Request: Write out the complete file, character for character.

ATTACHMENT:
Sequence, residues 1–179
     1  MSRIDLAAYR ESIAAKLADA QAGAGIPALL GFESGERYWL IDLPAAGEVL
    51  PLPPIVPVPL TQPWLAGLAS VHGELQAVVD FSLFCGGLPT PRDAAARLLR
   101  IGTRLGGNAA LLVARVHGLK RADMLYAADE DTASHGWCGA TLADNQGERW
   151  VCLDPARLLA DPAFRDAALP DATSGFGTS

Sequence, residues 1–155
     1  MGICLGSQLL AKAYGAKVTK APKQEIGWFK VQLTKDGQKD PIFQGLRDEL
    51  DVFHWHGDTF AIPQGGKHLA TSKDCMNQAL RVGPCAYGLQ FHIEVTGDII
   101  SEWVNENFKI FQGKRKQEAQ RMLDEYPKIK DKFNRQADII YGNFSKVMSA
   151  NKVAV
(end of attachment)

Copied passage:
Sequence, residues 1–179
     1  MSRIDLAAYR ESIAAKLADA QAGAGIPALL GFESGERYWL IDLPAAGEVL
    51  PLPPIVPVPL TQPWLAGLAS VHGELQAVVD FSLFCGGLPT PRDAAARLLR
   101  IGTRLGGNAA LLVARVHGLK RADMLYAADE DTASHGWCGA TLADNQGERW
   151  VCLDPARLLA DPAFRDAALP DATSGFGTS

Sequence, residues 1–155
     1  MGICLGSQLL AKAYGAKVTK APKQEIGWFK VQLTKDGQKD PIFQGLRDEL
    51  DVFHWHGDTF AIPQGGKHLA TSKDCMNQAL RVGPCAYGLQ FHIEVTGDII
   101  SEWVNENFKI FQGKRKQEAQ RMLDEYPKIK DKFNRQADII YGNFSKVMSA
   151  NKVAV